Of all the ills that animal rights groups see in the culinary world, none has taken such a public or high-profile hit as foie gras. Since the rich, savory product derives from the liver of a duck or goose that has been fattened through the force-feeding or otherwise high-volume feeding of corn, some claim that its production is particularly inhumane. Foie gras has therefore become something of a flashpoint for animal rights advocates. Many others, including many within the culinary world, would cite factory farming or other incidents of animal mistreatment as far more dire offenses; nonetheless, the decadent foie gras remains a perpetual target. Differing opinions on the matter emerged clearly when the Chicago City Council voted to ban foie gras sales altogether—and, after outcry from the culinary community, several restaurant foie gras giveaways, and multiple lawsuits, the law was repealed less than two years later.
In a new move appealing to culinary creativity, PETA announced their Fine Faux Fois Gras Challenge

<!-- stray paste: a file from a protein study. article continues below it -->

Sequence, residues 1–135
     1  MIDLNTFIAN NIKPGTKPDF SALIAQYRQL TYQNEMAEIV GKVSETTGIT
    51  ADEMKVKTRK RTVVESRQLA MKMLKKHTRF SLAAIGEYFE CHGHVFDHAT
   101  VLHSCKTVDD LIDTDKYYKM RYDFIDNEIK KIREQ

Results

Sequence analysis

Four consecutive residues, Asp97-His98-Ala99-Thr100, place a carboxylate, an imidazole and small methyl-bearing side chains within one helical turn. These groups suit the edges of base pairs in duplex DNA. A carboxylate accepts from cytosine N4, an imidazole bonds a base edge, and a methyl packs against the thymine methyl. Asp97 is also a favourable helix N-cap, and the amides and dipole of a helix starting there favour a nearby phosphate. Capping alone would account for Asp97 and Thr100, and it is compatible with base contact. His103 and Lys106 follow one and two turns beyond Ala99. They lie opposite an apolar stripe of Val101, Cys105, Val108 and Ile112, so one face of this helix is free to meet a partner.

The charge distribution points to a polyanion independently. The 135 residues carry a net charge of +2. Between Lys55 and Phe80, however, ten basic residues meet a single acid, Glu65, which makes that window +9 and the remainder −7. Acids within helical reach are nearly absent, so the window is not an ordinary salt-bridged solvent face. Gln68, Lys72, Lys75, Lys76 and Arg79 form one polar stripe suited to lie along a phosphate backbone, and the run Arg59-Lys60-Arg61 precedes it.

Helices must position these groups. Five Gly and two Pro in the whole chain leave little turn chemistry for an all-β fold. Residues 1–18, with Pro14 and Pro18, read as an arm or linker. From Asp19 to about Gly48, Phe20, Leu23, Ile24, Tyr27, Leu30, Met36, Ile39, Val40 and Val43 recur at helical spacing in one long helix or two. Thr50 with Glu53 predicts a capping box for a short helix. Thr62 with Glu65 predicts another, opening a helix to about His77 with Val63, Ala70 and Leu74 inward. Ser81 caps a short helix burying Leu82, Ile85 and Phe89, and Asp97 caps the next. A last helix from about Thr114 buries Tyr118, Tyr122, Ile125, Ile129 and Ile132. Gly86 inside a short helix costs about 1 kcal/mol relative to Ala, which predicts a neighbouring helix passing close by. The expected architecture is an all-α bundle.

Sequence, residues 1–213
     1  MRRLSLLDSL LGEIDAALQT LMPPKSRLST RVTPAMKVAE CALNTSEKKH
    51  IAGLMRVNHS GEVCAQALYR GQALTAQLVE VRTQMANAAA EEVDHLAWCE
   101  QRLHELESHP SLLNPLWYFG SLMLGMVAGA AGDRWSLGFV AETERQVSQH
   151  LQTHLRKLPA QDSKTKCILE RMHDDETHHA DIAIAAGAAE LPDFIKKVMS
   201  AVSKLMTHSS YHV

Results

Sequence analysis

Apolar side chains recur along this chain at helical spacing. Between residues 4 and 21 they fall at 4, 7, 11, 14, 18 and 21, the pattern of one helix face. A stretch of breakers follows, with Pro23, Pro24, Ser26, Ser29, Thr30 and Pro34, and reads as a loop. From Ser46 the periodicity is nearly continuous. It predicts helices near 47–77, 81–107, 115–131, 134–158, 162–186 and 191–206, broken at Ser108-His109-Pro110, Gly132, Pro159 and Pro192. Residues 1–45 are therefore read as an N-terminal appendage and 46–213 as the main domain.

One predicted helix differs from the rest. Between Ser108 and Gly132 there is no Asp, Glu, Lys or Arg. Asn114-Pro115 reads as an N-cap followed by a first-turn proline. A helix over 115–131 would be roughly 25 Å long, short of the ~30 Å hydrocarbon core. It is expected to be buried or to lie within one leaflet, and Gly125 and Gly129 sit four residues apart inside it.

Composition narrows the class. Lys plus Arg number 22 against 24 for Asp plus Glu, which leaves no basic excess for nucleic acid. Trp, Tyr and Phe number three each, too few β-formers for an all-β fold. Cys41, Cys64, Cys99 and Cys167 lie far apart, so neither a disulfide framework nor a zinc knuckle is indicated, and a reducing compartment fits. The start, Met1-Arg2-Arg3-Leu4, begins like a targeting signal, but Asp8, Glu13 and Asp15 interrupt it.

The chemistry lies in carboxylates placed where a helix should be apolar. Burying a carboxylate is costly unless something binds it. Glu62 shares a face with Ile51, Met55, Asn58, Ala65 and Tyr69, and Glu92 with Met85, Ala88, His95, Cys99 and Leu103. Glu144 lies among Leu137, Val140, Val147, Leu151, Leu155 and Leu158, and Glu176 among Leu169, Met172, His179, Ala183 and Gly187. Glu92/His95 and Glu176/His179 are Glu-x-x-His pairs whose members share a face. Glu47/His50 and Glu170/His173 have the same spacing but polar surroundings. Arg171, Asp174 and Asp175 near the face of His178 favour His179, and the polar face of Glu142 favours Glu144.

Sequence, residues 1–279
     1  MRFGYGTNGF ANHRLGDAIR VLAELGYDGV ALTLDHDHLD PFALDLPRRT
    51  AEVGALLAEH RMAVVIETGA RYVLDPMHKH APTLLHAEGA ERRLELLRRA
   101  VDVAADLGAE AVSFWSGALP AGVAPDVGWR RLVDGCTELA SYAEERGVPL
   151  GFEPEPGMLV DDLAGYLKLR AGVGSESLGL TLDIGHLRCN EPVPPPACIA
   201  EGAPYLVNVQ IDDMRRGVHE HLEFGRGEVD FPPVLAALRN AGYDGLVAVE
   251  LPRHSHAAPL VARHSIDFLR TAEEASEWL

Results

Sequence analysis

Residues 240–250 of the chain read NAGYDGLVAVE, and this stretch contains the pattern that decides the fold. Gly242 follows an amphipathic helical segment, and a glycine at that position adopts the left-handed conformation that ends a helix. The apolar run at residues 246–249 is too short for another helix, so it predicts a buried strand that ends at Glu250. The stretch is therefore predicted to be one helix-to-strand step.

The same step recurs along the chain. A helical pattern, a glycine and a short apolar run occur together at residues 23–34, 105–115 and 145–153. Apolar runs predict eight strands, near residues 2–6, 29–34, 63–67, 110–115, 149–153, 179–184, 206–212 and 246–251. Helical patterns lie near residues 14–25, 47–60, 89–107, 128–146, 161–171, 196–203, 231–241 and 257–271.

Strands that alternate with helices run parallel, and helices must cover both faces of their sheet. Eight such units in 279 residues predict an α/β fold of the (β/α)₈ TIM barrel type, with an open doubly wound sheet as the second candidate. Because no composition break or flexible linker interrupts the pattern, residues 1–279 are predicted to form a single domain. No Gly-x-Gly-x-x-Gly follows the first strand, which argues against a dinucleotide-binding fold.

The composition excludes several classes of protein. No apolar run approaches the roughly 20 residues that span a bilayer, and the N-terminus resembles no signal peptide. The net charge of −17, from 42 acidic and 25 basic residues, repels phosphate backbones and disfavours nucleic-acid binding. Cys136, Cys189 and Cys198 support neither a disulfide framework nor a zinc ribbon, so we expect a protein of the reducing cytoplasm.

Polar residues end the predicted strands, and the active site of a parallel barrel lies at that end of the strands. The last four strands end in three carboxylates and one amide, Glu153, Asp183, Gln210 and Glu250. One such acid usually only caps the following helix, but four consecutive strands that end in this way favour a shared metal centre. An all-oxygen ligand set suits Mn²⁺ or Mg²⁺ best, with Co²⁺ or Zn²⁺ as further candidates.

—a competition for the creation of a vegetarian foie gras alternative. Appealing both to culinary tradition and humane animal treatment, the organization is calling for a viable yet “authentic” substitute on menus worldwide. PETA will offer $10,000 to the chef who can best replicate the flavor, feel, and texture of foie gras, and features it in his or her restaurant. While any technique or preparation is acceptable, the resulting “faux gras” must be completely vegetarian—meaning, according to the official rules
, no animal or animal-derived products whatsoever.
While appealing to French culinary tradition may seem a bit suspect—it’s hard to imagine that any foie gras aficionado would be content with a veggie alternative, any more than a Kobe beef enthusiast would settle for a Boca Burger—the challenge is certainly an opportunity for creative thinking, and a tidy prize, besides.
Photograph from ilmungo on Flickr